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Wanderlust during the pandemic: Should you swim in a hotel’s pool?

A lot has changed for restaurants — from how they lay out their seating to the way they wash their dishes and linen. Find out why you need to be extra careful if you’re heading to a steam room to relax.

Resource details:

Publication title: Operational considerations for COVID-19 management in the accommodation sector: interim guidance
Author(s): The World Health Organisation (WHO)
Publication date: 25 August 2020

What the guidelines are about:

The document, produced by the World Health Organisation (WHO), provides guidelines for hotels and other accommodation facilities operating during the new coronavirus pandemic. The directions offer suggestions for how these facilities can minimise the potential spread of SARS-CoV-2 among staff and guests. 

These guidelines update an earlier version of the document published by the WHO.

Do you work in a hotel?

This Q&A with the World Health Organisation answers all your COVID-19 queries.

Planning a hotel stay?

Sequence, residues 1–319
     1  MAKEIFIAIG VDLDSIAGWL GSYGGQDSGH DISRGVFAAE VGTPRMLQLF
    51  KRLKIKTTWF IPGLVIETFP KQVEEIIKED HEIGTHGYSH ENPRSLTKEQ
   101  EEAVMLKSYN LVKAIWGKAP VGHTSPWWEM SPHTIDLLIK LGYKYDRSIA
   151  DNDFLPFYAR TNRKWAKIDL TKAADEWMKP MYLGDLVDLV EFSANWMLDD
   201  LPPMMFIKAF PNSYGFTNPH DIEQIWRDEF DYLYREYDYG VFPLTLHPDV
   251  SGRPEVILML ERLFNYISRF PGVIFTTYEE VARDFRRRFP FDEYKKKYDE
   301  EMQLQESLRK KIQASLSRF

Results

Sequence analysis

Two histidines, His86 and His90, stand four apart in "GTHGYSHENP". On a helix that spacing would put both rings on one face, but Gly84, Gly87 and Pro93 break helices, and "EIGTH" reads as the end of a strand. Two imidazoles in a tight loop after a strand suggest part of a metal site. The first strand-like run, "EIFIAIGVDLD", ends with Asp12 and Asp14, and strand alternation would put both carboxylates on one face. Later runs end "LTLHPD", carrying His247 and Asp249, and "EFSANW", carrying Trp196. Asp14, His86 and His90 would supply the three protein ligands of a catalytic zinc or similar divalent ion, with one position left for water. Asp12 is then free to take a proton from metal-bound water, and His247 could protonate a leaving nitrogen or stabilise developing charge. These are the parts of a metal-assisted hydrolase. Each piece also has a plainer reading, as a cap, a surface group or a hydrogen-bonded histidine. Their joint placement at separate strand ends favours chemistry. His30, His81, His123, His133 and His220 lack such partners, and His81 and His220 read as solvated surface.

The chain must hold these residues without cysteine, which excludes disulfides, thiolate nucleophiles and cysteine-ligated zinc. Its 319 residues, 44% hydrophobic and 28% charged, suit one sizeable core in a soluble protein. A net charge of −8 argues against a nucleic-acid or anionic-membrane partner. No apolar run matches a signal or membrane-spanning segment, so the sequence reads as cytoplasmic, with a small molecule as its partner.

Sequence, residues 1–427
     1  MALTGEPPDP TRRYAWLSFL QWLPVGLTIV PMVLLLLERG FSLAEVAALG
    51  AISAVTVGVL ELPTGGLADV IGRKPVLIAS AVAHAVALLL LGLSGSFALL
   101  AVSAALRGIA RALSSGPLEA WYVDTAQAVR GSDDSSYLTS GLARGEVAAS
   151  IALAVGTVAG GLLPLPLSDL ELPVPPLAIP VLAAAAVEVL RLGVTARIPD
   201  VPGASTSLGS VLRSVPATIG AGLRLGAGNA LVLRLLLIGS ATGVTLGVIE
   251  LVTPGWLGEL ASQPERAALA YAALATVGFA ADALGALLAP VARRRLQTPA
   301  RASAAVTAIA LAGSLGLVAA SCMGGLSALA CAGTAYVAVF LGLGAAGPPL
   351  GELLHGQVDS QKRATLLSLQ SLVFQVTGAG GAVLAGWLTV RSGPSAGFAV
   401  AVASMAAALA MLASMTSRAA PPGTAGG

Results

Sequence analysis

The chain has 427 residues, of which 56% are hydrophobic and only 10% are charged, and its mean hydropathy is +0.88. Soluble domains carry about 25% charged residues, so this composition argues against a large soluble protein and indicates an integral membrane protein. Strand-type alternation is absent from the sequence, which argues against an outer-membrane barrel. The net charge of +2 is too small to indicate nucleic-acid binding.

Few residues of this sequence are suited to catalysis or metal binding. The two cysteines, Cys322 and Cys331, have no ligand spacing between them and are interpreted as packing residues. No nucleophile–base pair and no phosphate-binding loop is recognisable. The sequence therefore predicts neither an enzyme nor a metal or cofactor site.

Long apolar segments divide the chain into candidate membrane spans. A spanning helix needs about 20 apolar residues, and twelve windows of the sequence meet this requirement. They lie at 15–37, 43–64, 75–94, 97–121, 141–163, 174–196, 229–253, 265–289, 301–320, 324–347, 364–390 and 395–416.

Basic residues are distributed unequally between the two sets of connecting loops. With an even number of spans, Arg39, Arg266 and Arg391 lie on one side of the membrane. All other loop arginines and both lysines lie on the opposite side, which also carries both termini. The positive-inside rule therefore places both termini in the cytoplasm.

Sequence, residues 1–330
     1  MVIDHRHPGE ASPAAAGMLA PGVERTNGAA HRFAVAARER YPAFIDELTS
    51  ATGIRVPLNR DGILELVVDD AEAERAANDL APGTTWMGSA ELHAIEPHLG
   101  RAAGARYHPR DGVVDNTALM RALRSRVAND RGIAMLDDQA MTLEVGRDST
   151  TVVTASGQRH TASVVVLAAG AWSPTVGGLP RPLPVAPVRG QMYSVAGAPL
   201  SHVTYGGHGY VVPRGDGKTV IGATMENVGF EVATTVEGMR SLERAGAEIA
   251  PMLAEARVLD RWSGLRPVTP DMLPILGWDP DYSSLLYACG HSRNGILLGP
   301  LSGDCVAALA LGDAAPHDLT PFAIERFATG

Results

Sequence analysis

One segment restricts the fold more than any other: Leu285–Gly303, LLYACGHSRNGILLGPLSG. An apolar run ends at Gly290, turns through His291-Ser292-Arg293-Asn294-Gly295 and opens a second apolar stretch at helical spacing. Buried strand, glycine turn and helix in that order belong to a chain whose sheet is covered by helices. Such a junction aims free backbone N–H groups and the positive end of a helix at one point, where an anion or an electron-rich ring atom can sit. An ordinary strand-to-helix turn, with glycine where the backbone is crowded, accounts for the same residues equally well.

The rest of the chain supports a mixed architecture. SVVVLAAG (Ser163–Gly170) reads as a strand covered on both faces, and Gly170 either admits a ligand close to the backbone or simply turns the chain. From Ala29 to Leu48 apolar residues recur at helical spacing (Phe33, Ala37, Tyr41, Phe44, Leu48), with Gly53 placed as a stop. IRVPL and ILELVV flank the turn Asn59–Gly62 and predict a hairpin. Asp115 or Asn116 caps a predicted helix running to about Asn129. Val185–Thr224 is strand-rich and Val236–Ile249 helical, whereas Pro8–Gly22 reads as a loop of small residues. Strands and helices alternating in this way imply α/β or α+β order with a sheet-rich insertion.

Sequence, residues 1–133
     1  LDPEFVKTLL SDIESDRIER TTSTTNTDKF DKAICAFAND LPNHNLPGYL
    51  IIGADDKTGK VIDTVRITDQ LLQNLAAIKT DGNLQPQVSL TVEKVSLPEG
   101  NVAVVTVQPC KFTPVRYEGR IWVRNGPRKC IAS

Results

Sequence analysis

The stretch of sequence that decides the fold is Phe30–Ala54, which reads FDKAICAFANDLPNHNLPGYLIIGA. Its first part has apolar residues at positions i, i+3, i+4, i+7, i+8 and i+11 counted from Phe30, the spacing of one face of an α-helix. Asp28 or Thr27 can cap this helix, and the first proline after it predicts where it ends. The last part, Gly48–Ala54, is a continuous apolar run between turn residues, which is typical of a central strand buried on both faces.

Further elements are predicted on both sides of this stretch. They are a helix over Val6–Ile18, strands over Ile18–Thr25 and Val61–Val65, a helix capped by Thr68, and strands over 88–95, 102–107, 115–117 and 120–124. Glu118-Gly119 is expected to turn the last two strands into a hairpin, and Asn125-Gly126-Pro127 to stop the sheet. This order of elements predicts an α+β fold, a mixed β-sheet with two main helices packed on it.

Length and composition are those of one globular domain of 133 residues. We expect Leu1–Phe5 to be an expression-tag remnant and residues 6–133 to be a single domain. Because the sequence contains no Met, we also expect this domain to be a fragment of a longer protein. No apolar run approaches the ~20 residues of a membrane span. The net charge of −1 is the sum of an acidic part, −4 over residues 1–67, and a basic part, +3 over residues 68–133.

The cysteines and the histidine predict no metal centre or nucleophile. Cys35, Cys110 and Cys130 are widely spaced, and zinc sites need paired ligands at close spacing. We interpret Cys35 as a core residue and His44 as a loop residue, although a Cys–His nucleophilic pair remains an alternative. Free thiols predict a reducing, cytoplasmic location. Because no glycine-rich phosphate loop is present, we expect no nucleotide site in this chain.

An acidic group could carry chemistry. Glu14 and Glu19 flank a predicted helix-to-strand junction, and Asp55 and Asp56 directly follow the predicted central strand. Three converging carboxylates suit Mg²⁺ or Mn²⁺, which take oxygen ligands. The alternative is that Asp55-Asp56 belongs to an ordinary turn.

This Q&A with the World Health Organisation tells you what you need to remember as a guest.

  • Remember to follow the basic preventive COVID-19 measures:
    • wash your hands frequently, 
    • cough and sneeze into a tissue or your bent elbow, 
    • keep a safe physical distance of at least one metre from others.
  • Is it safe to use the hotel pool? You can use the sauna, steam bath, pool or beach safely as long as there aren’t too many people close together.
  • If there are towels for guests to use at a pool or sauna, they should only be used once.
  • Hotels and accommodation facilities should have cleaning, disinfecting and processes, so that guests don’t have to worry about getting infected with SARS-CoV-2 from the person who stayed in the room before them.
  • If a guest starts to experience COVID-19 symptoms during their stay they should notify hotel management and seek medical attention immediately.

Click here for the full Q&A for hotel staff and guests, or keep reading for more details from the guidelines it’s based on.

Key take-aways from the guidelines:

Eating out

  • Restaurant and dining staff can wear disposable gloves but these should be changed often. Gloves should not be considered a substitute for washing hands, however. The WHO recommends that staff wash their hands when changing gloves.
  • Buffets and drink dispensing machines are discouraged.
  • If a restaurant does use a drink dispenser, any part of the machine that comes into contact with people’s hands must be sanitised regularly, ideally, after each time it is used. 
  • Countries should determine whether indoor dining is allowed.
  • Restaurant and dining facilities should provide hand sanitiser for guests and remind them to clean their hands when entering and leaving the facility. 
  • Preferably, all dishes and glasses should be washed in a dishwashing machine – even those items that have not been used by guests, since staff may have handled them during service.